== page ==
Who are the folks that you listen to? The ones that give you your inspiration?
A lot of the typical guys. John Prine, Tom Petty, those are my main guys. I love the Wood Brothers for more like contemporary artists, Justin Townes Earle, those kinda guys in more of the Americana realm, a lot of classic rock, Neil Young, folks like that.
I want to talk about some of the songs on the album. “Company Man”… That’s an amazing song. You wrote that, as I understand it, about your father’s infidelity– and you wrote it from your mother’s perspective! That whole story right there is just fantastic. Tell me about doing that and what that meant to you.
It’s pretty verbatim what happened. My parents got divorced when I was young, but I didn’t know all that went down until I was an adult and my mom told me and my brother. We just asked her about it! We were like, “What happened?” She came out with the whole story and it was just so wild! [“Company Man”] was my way of processing what happened and trying to think from her perspective– but also just a little bit from his perspective too. It was really cathartic writing that one, for sure. And my mom actually likes it!
Does she? That was gonna be one of my other questions! But also, you very easily could have made that song a very dark piece. However, while the story is definitely heavy, the music just sort of rolls along and keeps going. Was that intentional?
No, I think it just came out that way. I do like songs that have that juxtaposition sometimes, where it’s just like a little more levity in the musical content. It’s just easier to deliver a heavier lyrical thing. But that wasn’t intentional. A lot of times when I’m writin’ a tune, I’ll just come up with that initial groove or initial chord progression and then start hummin’ along with it, and the words come. That was one that came pretty quickly. Sometimes it takes me a while to figure out what a song is about, but within the first several minutes, I was like, “Okay, I know the story I’m trying to tell here!” (Laughs)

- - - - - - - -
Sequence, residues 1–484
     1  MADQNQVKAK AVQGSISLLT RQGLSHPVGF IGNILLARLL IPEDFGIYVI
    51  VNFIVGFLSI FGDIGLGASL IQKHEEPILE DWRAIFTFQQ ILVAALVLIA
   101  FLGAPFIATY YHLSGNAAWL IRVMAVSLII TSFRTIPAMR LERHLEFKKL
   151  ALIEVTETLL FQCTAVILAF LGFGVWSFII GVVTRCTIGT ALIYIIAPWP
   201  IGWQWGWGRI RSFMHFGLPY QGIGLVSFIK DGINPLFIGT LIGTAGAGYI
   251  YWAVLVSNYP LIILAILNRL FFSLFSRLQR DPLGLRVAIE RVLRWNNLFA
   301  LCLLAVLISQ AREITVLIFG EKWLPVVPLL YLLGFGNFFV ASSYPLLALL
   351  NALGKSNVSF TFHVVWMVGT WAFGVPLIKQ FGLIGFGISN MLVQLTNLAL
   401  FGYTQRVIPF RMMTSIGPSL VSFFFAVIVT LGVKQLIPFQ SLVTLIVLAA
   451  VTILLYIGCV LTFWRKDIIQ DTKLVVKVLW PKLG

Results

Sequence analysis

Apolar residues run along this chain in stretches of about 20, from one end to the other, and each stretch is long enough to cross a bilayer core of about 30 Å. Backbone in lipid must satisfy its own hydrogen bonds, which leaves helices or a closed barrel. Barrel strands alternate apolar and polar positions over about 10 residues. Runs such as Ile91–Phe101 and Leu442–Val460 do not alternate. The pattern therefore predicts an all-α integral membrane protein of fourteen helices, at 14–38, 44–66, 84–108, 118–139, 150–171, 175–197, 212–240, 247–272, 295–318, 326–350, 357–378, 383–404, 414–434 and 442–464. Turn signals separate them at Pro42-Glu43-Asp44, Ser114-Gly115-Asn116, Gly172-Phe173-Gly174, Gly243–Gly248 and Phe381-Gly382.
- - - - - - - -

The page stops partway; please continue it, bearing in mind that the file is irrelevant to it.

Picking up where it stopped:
Well, then let me continue with that line of thinking. Tell me about the song “Limestone”. It’s got kind of a Lou Reed, Velvet Underground guitar part to it, kinda that same kind of cadence. How did that one come to you and where does it come from?
That’s the one I mentioned that was about 10 years old. It’s gone through a couple of iterations and I’ve changed the key a couple times, but I finally settled on an arrangement I liked. That one’s about processing grief. There’s a Jewish tradition of when you go and visit somebody’s gravesite, you’re supposed to put stones on their grave. I remember doing that as a kid. That’s where the stone imagery comes from. It’s about grief in general, but it was actually inspired by a really influential high school teacher who was just this super cool guy. He used to have a guitar in his room and was super intelligent and just really [impressed] myself and a bunch of students. And this was like right after he passed away, so it was processing that grief and trying to honor people’s legacy and just remembering the good stuff.